DAN: Okay. Let’s talk about leases because this is something that landlords are dealing with constantly as they’re turning over properties. There’s a lot of ways that people can get leases and I feel like these days a lot of people are going online and finding a lease online. Are those leases safe in general or should somebody always sit down with a local real estate attorney to review it and make sure everything in there is compliant with the law.
JULES: Okay. So I can’t comment on what, the good, the bad or the ugly of any online document, whether it’s a lease, a will, a contract or whatever. And I know that you know certainly there’s an assortment of legal papers out there for use by the general public. And as an attorney you might say that my view is a bit prejudiced, but regardless of what you do, whether or not you're buying a car, whether or not you're getting a lawyer or a doctor or somebody renovating your home, I think it’s always a good idea to sit down with somebody who has some experience in dealing with the issues that are presented to know that what you're doing is going to reflect what your intentions and desires are and that you fully understand what the ramifications are in connection with that document. So a lease like any legal document can have a lot of parts to it. There may be options to purchase, there may be provisions in there with respect to a default or with respect to landlord/tenant eviction proceedings if someone doesn’t pay their rent or who’s responsible for paying utilities or whatever. And in each jurisdiction, whether it's New York or New Jersey or Connecticut or wherever it might be there may be particular language that might be beneficial or have a special meaning in landlord/tenant relations that might benefit a landlord in one of these documents. So at the end of the day, it’s always good to sit down with someone who’s seen these things and even if you have to incur a little bit of an expense I think that it’s just a matter of education which doesn’t mean that the document that you get online was incorrect. It’s just you're paying to educate yourself as far as whether or not there are things in there that you may not understand and want to know more about so it gets done the way you want it to be done.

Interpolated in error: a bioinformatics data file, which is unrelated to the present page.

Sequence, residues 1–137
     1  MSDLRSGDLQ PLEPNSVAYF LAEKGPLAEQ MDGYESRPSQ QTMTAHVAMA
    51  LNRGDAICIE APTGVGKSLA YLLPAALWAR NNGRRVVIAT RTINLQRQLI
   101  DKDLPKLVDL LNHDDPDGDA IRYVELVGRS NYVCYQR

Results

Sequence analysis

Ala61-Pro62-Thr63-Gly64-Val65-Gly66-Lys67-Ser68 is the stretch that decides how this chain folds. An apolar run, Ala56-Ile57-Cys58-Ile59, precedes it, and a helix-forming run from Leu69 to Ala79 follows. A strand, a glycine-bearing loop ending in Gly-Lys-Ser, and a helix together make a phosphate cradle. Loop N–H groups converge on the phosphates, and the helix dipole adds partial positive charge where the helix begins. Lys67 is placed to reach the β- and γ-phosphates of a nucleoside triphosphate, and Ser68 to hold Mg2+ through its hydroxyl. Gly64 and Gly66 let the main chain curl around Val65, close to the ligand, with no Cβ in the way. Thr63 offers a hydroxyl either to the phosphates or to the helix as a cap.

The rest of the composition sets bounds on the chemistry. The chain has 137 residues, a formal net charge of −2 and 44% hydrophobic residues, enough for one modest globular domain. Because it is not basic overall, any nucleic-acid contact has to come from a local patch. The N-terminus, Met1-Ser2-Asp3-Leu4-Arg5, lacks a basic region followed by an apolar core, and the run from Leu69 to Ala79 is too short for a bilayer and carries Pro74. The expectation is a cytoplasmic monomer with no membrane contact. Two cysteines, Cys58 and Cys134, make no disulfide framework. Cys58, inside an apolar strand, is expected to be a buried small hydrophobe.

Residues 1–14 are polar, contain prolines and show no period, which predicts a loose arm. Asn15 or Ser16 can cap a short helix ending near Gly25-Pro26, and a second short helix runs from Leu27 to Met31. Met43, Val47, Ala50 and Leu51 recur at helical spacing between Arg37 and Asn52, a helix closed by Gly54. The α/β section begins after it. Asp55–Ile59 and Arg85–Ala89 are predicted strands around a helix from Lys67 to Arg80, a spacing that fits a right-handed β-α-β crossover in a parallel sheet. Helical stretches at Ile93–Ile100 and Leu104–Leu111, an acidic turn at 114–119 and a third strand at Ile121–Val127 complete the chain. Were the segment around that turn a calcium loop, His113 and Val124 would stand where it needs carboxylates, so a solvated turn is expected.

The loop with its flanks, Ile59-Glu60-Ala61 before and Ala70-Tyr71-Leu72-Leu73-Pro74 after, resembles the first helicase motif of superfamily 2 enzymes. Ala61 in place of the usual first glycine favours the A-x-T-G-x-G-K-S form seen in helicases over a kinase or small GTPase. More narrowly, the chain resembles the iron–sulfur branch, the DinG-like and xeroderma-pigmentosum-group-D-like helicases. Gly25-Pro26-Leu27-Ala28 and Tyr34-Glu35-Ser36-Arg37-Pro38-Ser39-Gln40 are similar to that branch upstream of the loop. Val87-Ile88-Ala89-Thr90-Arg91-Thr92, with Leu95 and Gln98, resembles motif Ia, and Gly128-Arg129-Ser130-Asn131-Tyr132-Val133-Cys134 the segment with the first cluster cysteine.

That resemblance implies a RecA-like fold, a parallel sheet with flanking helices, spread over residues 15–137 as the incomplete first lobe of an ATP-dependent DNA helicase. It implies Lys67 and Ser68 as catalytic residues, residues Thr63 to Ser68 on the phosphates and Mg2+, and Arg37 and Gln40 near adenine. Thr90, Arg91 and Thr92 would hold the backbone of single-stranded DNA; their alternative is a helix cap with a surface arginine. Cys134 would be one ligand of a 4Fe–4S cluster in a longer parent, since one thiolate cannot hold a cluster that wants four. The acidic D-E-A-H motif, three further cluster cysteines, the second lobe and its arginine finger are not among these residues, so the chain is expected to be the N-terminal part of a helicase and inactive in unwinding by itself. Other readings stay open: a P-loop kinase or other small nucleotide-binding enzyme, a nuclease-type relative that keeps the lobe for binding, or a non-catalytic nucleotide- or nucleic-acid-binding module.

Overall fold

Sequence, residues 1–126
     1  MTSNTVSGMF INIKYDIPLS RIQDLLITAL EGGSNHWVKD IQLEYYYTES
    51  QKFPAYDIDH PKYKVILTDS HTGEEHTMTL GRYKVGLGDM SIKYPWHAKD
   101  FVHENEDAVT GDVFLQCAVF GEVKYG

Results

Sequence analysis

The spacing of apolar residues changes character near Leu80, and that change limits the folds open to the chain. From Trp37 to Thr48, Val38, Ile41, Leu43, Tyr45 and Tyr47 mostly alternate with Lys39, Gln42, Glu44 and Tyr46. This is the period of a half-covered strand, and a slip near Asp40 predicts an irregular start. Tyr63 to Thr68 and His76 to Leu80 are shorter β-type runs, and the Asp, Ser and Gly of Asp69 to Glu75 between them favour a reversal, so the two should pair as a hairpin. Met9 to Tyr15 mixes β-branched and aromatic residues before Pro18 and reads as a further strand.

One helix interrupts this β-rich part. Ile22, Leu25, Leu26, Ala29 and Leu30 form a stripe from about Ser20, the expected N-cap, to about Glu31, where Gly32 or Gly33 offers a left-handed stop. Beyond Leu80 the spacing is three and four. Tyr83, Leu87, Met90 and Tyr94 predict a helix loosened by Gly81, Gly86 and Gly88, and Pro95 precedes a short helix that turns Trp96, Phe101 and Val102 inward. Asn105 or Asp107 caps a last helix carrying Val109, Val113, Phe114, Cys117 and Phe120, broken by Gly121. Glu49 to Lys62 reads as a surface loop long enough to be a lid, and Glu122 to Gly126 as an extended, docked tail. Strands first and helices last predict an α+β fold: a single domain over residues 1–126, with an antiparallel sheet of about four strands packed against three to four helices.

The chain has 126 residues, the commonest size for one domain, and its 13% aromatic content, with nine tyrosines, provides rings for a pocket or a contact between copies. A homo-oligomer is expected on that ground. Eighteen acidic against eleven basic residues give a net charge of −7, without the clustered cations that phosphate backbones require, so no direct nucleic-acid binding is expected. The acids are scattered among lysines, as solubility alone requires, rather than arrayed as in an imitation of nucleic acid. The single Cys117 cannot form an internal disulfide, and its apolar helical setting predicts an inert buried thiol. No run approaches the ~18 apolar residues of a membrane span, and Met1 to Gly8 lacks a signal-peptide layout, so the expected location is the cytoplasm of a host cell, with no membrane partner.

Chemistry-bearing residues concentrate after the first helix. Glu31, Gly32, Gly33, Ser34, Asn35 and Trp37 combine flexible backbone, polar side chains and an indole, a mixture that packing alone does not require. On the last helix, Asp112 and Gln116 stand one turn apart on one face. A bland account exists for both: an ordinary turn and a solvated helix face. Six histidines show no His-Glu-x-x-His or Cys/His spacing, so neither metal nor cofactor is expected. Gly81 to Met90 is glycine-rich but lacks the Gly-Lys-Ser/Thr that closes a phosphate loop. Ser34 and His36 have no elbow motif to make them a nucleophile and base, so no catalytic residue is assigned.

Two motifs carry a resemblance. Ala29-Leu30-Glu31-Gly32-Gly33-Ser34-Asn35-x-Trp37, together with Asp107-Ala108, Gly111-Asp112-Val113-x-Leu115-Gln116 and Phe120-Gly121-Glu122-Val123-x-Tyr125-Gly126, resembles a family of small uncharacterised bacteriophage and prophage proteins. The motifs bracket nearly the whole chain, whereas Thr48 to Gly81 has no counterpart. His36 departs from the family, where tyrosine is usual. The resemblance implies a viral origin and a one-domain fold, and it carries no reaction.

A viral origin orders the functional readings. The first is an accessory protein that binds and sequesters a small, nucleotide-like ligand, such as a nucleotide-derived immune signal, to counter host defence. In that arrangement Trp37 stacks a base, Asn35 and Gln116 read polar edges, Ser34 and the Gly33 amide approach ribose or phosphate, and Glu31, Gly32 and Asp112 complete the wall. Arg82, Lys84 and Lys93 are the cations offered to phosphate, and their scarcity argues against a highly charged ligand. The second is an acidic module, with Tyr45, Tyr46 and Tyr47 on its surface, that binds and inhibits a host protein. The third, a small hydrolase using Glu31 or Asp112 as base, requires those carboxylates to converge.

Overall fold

DAN: I think that’s really good advice. I really think that somebody should – it’s a good idea to sit down with an attorney, and to do it probably every year or two because there’s always changes to law and things are always being updated, so your lease might be good today, but might be really outdated in 5 years.
JULES: Correct, exactly. So if I was going to lease something in a jurisdiction, another jurisdiction, I would probably not know anything more or less than anyone else because I would know nothing about the landlord/tenant or lease laws in Nevada. So I’d probably want someone to educate me about that so I knew what I was doing. Maybe 5 or 6 or 10 leases down the road if I’ve done it enough, then fine, I might feel good, okay I don’t need somebody to tell me what to do.
DAN: Right. Now let’s talk about what happens when someone dies. So you own a property and – let’s say you live in New York but maybe we’ll go back to that property in Ohio again. What happens when you die. Say if you don’t have a will and you die, what’s the process? Is that very complicated? The whole probate process?